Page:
5.3.93 Foker-Palle, Yugoslavia



plane crash

21.11.93 YAK-42 Aviomex Borovnik-Yugoslavia



plane crash

Table 2 - Summary description of mass bum disasters fi-om 942 to 1993

During hospitalization most of the patients required intubation, while three of them were operated on abroad, with the use of cadaver skin grafts - still legally forbidden in Greece.
With reference to the site of the accident, the fire was totally extinguished within 4 hours, which is a satisfactory time. This was achieved by means of extensive mobilization of the fire service and police forces. This was of paramount importance, since apart from the storage tanks a railway line and more gas-, kerosene- and naphthatanks are located in the vicinity. The event naturally caused not only an outburst of public opinion but also further investigations, which led to the following conclusions:

  1. The leakage was due to corrosion of the pipe, which had not been changed since 1973.
  2. There was no automatic gas-control system, which currently exists in every refinery in our country. This system, when it works, causes the immediate interruption of function if the leaking of certain gases is detected.
  3. The partial distillation unit was very old and had already presented problems before, but nevertheless it had not been meticulously checked. After an interruption of six months it was put into operation the night before the accident.
  4. Arson had been initally postulated, but this was ruled out when the first victim was found stuck to the pipe at the exact spot the leakage occurred.
  5. The unit pressure when the accident occurred was half the pressure attained in maximum function conditions.


Compared with other major industrial accidents, the number of victims was small (Table 2). This was due to the following factors:

  1. The accident occurred between shifts, when many workers had already left and others had not yet arrived at their posts.
  2. The unit is old and has a comparatively small number of workers.
  3. On the basis of a specific arrangement between the refinery in question and two other major refineries in the vicinity, the fire-extinguishing services of the latter arrived within 8 minutes, before even the police arrived, and started extinguishing the fire, freeing many workers who were trapped.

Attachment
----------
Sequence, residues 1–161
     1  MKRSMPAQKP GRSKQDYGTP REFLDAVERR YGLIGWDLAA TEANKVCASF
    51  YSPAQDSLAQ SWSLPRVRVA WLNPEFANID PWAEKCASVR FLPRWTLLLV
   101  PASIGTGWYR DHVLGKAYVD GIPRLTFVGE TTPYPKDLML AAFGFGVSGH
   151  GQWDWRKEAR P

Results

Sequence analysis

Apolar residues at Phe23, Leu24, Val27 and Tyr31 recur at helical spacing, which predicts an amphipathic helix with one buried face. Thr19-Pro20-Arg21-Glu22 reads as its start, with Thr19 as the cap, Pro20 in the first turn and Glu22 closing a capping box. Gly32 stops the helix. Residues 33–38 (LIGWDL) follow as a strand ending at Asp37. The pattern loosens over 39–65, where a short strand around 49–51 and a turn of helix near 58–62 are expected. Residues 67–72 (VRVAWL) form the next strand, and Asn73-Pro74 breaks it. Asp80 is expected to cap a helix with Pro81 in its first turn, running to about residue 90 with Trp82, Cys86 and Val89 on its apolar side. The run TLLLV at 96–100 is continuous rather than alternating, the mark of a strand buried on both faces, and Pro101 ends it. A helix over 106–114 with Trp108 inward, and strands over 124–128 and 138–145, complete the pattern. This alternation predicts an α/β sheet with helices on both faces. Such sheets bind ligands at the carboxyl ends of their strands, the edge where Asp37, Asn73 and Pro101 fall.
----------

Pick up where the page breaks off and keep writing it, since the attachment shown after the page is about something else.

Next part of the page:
4. The State services, although somewhat delayed, functioned in perfect coordination (EKAM special firemen unit). Owing to the limited distance of the accident site from major health centres, zone B did not exist. From the medical point of view:
  1. The survival rate was very low (13 out of 21 hospitalized patients died), owing to the severity and extent of the injuries sustained. Under the circumstances, primary operations on so many patients simultaneously would have been risky and practically unfeasible.
  2. The medical and nursing personnel demonstrated stamina, devotion, skill and coordination beyond all expectation.
  3. The infrastructure of the Greek health system in the event of a major disaster was proved insufficient.


Absolute priority should be given by every nation to identify zones, situations and types of potential risk, so that rescue resources can immediately be made available and proper preparedness assured in order to control a disaster, particularly when the danger zones are close to inhabited areas. Industries should undergo meticulous controls conforming to the Seveso directives (821501, 1988). Last but not least, both medical and nursing personnel should receive special training in the manner of action and ethics in the event of mass casualties.

RESUME. Dans notre société moderne, toujours en développement, les catastrophes d'incendie se produisent avec une fréquence croissante, et par conséquent il faut absolument garantir toute une série de mesures préventives et une -bonne coordination entre les autorités de l'Etat et les organisations bénévoles. La gravité d'une catastrophe dépend non seulement du nombre des victimes mais aussi de la disproportion entre les besoins et les moyens disponibles (ceux-ci sont normalement insuffisants pour les nécessités). Il est donc de la plus haute importance que l'on emploie tous les moyens disponibles pour atteindre une efficacité maximum. Cet article vise sur tout à étudier jusqu'à quel degré ces principes d'action ont été appliqués dans la catastrophe qui s'est produite à Eleusis (Grèce) le premièr septembre 1992 et comment ils ont influé sur l'évolution des patients, si en effet ils ont exercé une influence.


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  2. Brough M.D. et al.: The King's Cross Fire, the physical injuries. Bums, 17: 6-9, 1991.
  3. Mackie P., Koning H.M.: Fate of mass casualities: implications for disaster planning. Burns, 16: 203-6, 1990.
  4. Masellis M., Ferrara M.M., Gunn S.W.A.: Immediate assistance and first aid on the spot in fire disasters - Education of the public and self-sufficiency training. Ann. Medit. Bums Club, 5: 200-7, 1992.
  5. McCollum S.T.: Lessons from a fire catastrophe. First International Conference on Burns and Fire Disasters, Palermo 1990. In: "The management of mass burn casualties and fire disasters" (Eds M. Masellis and S.W.A. Gunn), Kluwer Academic Publishers, Dordrecht/Boston/London, 1992.
  6. Salomone J., Sohn A.P., Ritalin R. et al.: Correlations of injury, toxicology and cause of death to Galaxy Flight 203 crash. Forensic Sci., 32: 1403-15, 1987.
  7. Tsekoura M., Sofianos I., Maghiasis V. et al.: Factors which influence the frequency of work accidents in Greece. 16th Annual Medical Greek Congress, Athens, 1990.